Skip to main content
Open Access Publications from the University of California

UC Berkeley

UC Berkeley Electronic Theses and Dissertations bannerUC Berkeley

Regression Modeling and Bias Correction of Ribosome Profiling Data


Translational regulation is an important control point for gene expression, modulating the quantity and isoforms of proteins produced in a cell. The ribosome profiling method measures translation dynamics and output directly, by sampling the distribution of ribosomes across all mRNA transcripts in a sample. This method has demonstrated that ribosomes do not move at a uniform rate across transcripts, and that synonymous codon choice can have large effects on ribosome speed, RNA stability, and protein expression. We present a regression model using a feedforward neural network to predict the ribosome density at each codon in a transcriptome as a function of the local sequence neighborhood around that codon. This approach demonstrated a collection of sequence features that contain substantial predictive information about translation elongation rates. We apply this model to characterize the translation rates of naturally occurring genes, and also to design translation optimized coding sequences for a given protein. We present a novel and efficient algorithm that finds the fastest and slowest predicted coding sequences for a given protein. We validated our regression model and optimization procedure by designing synonymous variants of eCitrine, a yellow fluorescent protein, across a range of predicted translation rates. Our results showed that the levels of expressed protein closely tracked the predicted overall translation rates of the synonymous coding sequences. This demonstrated that our model captures information determining translation dynamics in vivo, that we can harness this information to design coding sequences, and that control of translation elongation alone is sufficient to produce large, quantitative differences in protein output. Analysis of our regression model also demonstrated that the terminal regions of ribosome footprints are important predictors of footprint density at a given codon. This suggests that ligation events in the experimental protocol are differentially recovering footprints based on their terminal sequences. We characterized this recovery bias both computationally and experimentally, and demonstrated that it can have a large impact on the count of footprints recovered at a given codon. To correct for this error, we developed a generative model of ribosome footprint experiments that incorporates both the biological distribution of footprints across transcripts and the experimental steps that introduce recovery bias. We developed a software tool to estimate the parameters of this model, and present a statistical method to correct recovery bias and estimate the biological distribution of ribosomes across transcripts. This method enables improved estimates of translation for the many applications in which ribosome profiling data is used.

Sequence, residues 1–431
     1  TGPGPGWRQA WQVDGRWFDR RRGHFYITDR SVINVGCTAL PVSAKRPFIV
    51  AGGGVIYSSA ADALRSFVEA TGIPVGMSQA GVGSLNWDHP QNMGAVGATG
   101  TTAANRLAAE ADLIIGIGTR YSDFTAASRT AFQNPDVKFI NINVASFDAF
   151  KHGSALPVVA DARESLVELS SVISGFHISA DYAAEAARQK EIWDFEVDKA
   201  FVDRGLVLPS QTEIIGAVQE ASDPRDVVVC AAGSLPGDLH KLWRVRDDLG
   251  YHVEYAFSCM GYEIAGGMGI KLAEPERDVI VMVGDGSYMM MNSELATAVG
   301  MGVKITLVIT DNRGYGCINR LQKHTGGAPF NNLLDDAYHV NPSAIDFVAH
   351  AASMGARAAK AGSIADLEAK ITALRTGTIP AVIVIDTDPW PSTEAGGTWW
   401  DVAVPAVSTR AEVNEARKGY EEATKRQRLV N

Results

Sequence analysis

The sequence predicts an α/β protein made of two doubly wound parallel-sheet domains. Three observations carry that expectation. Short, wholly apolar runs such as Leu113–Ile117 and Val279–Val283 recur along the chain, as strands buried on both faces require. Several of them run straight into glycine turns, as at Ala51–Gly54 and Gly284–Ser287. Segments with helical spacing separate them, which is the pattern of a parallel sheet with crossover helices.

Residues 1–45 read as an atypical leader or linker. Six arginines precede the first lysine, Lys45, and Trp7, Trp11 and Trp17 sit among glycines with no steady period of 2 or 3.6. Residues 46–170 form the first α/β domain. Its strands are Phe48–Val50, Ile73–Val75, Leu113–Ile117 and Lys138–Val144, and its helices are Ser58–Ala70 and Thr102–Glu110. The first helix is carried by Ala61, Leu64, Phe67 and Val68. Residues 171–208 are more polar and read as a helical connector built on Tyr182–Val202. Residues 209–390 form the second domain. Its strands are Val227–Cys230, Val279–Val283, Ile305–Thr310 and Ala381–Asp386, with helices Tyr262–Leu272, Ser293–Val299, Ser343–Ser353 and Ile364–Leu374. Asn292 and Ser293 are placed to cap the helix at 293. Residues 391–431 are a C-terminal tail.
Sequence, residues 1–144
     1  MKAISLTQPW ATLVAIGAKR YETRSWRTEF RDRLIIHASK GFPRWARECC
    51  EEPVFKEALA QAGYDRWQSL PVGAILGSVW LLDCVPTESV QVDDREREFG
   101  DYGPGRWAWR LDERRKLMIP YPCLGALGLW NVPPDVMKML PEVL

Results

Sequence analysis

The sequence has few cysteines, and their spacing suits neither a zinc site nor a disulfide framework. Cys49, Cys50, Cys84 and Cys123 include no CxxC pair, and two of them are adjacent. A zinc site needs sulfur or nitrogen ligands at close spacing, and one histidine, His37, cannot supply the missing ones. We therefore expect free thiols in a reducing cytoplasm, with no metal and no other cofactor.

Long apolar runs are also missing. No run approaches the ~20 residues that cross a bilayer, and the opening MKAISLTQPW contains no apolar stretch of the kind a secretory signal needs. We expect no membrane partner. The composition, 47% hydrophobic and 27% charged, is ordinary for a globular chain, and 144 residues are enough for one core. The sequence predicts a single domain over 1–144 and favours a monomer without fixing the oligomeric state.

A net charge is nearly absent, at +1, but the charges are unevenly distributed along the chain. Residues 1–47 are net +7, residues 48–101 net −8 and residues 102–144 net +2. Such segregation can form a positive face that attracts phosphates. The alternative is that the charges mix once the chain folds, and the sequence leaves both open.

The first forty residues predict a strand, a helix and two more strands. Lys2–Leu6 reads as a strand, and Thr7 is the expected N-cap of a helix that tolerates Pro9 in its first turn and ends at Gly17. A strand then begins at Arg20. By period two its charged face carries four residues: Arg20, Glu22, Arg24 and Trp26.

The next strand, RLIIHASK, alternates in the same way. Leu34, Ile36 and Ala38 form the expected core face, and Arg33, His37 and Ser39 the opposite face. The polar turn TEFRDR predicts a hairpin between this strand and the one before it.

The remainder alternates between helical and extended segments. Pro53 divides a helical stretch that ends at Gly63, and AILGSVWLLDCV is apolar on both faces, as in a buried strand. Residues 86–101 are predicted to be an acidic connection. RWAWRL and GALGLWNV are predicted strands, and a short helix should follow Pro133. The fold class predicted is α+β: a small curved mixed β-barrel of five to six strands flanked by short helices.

Main Content
For improved accessibility of PDF content, download the file to your device.
Current View